The Notification evoked mixed responses. Some believe that the extension of the jurisdiction will help in defeating the cross-border smuggling and illegal infiltration. Others see the move as an infringement on the rights of the states or in other words “a direct attack on federalism”.  The BSF welcomed the decision. They believe it will bring uniformity in areas of operations and help in effectively curbing the trans-border crimes. Based on her interviews with BSF officers, Dr Pushpita highlighted an important issue of relationship of BSF with police and local police of the states. In areas close to border, people generally don’t like the presence of BSF. The police fails to perform their duties when it comes to dealing with infiltrators and smugglers. Some officers believe that the police is susceptible to political pressure which makes it necessary for BSF to have additional powers of investigation and prosecution. However, some officers do not agree with this demand for additional powers and seek the authority to hand-over the suspected cases to central investigating agencies like NIA and CBI instead to local police. Without such powers trans-border crimes can’t be curbed effectively.

    The Assam government has supported the Notification and is sure that it will help in addressing the issue of cross-border smuggling and illegal infiltration. The Punjab and West Bengal governments have criticized the central government for unilaterally taking such an important decision. Both the state governments have termed it as direct attack on federal structure of India.

    Dr Pushpita also reminded about the BSF Amendment Bill of 2011, wherein the United Progressive Alliance (UPA) attempted to extend the jurisdiction of BSF to the whole country. The UPA government of the day reasoned that BSF is deployed in counter insurgency and anti-naxal operations in the country and should be allowed to operate in any part of the country without any restriction. She further informed that under Section 139 (3) of the BSF Act, the government has to lay the Notification for discussion in both Houses within thirty days.

    Q & A Session

    The Deputy Director General of MP-IDSA Maj Gen (Dr) Bipin Bakshi in his remarks said that there are pros as well as cons of the new Notification and the operational benefits outweigh the cons. He further said that extension of jurisdiction is necessary because 15 kms is not enough for better results, but at the same time coordination and synergy is important between BSF and local police. About BSF’s demand of directly handing over cases to central investigating agencies, DDG said that there may be capacity issues with this proposal as there could be a barrage of cases to CBI or NIA if BSF starts referring cases directly to them.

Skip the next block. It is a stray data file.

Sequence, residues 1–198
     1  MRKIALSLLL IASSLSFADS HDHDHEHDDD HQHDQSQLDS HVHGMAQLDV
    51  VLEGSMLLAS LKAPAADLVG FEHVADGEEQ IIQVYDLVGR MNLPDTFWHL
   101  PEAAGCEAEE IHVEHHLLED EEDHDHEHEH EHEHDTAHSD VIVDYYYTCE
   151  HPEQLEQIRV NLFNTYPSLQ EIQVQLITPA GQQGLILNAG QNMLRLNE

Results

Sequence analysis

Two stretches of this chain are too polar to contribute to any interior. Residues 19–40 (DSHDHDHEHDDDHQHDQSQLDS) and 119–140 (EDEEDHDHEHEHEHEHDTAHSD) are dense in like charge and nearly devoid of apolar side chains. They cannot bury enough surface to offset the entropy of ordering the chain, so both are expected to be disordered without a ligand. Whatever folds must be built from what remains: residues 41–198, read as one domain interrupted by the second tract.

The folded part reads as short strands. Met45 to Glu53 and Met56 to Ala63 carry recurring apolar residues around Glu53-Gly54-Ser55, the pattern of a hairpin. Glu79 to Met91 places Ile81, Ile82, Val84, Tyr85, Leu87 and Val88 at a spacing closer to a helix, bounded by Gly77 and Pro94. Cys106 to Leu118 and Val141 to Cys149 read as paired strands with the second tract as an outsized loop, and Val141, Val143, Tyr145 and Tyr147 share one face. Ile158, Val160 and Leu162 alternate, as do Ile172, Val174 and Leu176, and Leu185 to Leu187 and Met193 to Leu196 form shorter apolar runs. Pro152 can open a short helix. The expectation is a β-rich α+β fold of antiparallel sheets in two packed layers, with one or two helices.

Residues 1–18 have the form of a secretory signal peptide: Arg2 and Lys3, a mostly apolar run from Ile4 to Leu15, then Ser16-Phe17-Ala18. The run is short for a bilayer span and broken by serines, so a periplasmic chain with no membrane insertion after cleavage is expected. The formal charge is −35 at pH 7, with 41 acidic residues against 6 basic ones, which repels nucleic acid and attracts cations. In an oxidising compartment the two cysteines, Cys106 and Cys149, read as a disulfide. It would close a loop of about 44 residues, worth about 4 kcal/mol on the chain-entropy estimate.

Answering a query about impact on cities within 50 Kms, Dr Pushpita made it clear that BSF can operate under Criminal Procedure Code (CrPc), the Passport Act 1967, the Passport (entry into India) Act 1920. It is still not clear how BSF can address the issue of drones in the extended areas of jurisdiction. Answering the question about necessity of consultation with states, she agreed that taking state governments on board before taking such decisions should be a priority.

    Key Takeaways

    • The decision to extend the jurisdiction of BSF in states sharing border with Pakistan and Bangladesh will certainly help in effectively curbing cross-border smuggling and illegal infiltration.
    • However, before taking such significant decisions, the Union government should consult the state government. That is the main question that states like Punjab and West Bengal have been asking since MHA issued the Notification.
    • Moreover, coordination and synergy between BSF and local police is necessary for better results.

    Report prepared by Dr Manzoor Ahmad, Research Analyst, Internal Security Centre, MP-IDSA